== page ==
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A 1998 analysis by the Environmental Protection Agency investigating the health effects of DEET, for example, found that since 1960 the estimated incidence of seizures with a possible link to DEET exposure was 1 in 100. million users. A 2007 EPA Chemical Summary Report on DEET noted that many of these cases of adverse neurological effects were related to ingestion or “repeated dermal exposure or accidental ingestion of DEET that does not did not conform to the label instructions.

In other words, DEET can pose some risk if ingested or used improperly. Keep repellents out of reach of children.

And high concentrations are not necessary. The CR tests DEET repellents at concentrations up to 30%. More than that is simply not necessary to achieve long-lasting protection.

When you use a DEET-based repellent as directed, it poses little risk. The Centers for Disease Control and Prevention recommend it as a safe option for adults, children over 2 months old, and even pregnant women.

However, no chemical is without risk and DEET must be used correctly to be safe. According to the National Pesticide Information Center (NPIC), you should avoid applying DEET under your clothing (use it only on exposed skin and outside of clothing), wash it off your skin at the end of the day and try not to reapply. too often. Neglecting these tips could result in you receiving a higher dose of DEET than expected. Additionally, DEET can degrade some synthetic materials like plastic, so it should not be applied to certain types of clothing.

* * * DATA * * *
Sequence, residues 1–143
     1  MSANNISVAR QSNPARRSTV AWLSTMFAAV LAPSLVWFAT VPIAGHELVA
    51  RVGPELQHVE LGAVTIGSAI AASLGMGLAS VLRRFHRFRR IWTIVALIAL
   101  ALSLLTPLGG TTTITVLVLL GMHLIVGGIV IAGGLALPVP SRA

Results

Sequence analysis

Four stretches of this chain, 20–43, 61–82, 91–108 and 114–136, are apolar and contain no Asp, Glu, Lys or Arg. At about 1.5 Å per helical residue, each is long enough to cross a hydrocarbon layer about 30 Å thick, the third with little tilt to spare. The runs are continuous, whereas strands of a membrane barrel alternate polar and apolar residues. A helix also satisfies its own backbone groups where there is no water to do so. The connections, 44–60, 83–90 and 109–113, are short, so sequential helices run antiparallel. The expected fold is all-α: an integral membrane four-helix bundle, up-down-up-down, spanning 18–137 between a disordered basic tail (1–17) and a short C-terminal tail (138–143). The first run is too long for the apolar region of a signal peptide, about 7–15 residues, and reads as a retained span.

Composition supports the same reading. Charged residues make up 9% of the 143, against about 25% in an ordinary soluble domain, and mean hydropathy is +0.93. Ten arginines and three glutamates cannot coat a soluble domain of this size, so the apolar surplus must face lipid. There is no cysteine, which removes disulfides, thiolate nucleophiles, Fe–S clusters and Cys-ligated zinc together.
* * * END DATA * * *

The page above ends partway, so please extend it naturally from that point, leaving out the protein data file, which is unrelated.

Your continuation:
You may also be concerned about the long-term risks of DEET exposure. According to a 2008 NPIC fact sheet, “researchers have found no evidence that DEET causes cancer in animals or humans,” and there is no clear evidence of other long-term risks. of topical use despite the availability of DEET for decades.

What are OLE and picaridin?

OLE came to the attention of American scientists in the 1990s when they learned that a Chinese product called Quwenling repelled mosquitoes much better than other herbal products. One of its main components is the chemical p-menthane-3,8-diol, or PMD, which gives OLE its repellent character.

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The name “lemon eucalyptus oil” is somewhat of a misnomer. The Australian plant from which it comes, Corymbia citriodora (or lemon-scented gum), was once considered part of the genus Eucalyptus, but is no longer. And unlike lemon eucalyptus oil, OLE is not a true essential oil because it is refined and concentrated. In short, it’s not what it sounds like, although it is indeed a naturally occurring ingredient that is often effective.

Picaridin, also called icaridin, is a chemical that was developed by Bayer AG in the 1980s and 1990s. It is similar in structure to piperidine, a chemical naturally present in some pepper plants. It has been available to US consumers since 2005 and is especially popular as an insect repellent in Europe and Australia.